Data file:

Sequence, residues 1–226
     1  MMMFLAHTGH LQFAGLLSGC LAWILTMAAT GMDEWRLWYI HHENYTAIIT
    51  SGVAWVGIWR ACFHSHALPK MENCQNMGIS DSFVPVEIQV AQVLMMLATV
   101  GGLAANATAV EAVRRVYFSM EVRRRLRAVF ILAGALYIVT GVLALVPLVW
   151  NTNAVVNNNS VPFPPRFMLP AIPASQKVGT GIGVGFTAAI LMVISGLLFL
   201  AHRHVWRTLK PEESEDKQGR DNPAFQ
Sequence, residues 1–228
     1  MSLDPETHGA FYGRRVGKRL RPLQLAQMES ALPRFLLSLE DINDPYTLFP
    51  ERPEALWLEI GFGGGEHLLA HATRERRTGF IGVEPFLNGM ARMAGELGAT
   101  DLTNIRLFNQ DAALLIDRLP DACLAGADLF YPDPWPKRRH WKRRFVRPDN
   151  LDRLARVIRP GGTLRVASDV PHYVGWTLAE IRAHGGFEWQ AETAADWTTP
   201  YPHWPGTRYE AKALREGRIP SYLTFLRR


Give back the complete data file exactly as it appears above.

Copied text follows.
Sequence, residues 1–226
     1  MMMFLAHTGH LQFAGLLSGC LAWILTMAAT GMDEWRLWYI HHENYTAIIT
    51  SGVAWVGIWR ACFHSHALPK MENCQNMGIS DSFVPVEIQV AQVLMMLATV
   101  GGLAANATAV EAVRRVYFSM EVRRRLRAVF ILAGALYIVT GVLALVPLVW
   151  NTNAVVNNNS VPFPPRFMLP AIPASQKVGT GIGVGFTAAI LMVISGLLFL
   201  AHRHVWRTLK PEESEDKQGR DNPAFQ
Sequence, residues 1–228
     1  MSLDPETHGA FYGRRVGKRL RPLQLAQMES ALPRFLLSLE DINDPYTLFP
    51  ERPEALWLEI GFGGGEHLLA HATRERRTGF IGVEPFLNGM ARMAGELGAT
   101  DLTNIRLFNQ DAALLIDRLP DACLAGADLF YPDPWPKRRH WKRRFVRPDN
   151  LDRLARVIRP GGTLRVASDV PHYVGWTLAE IRAHGGFEWQ AETAADWTTP
   201  YPHWPGTRYE AKALREGRIP SYLTFLRR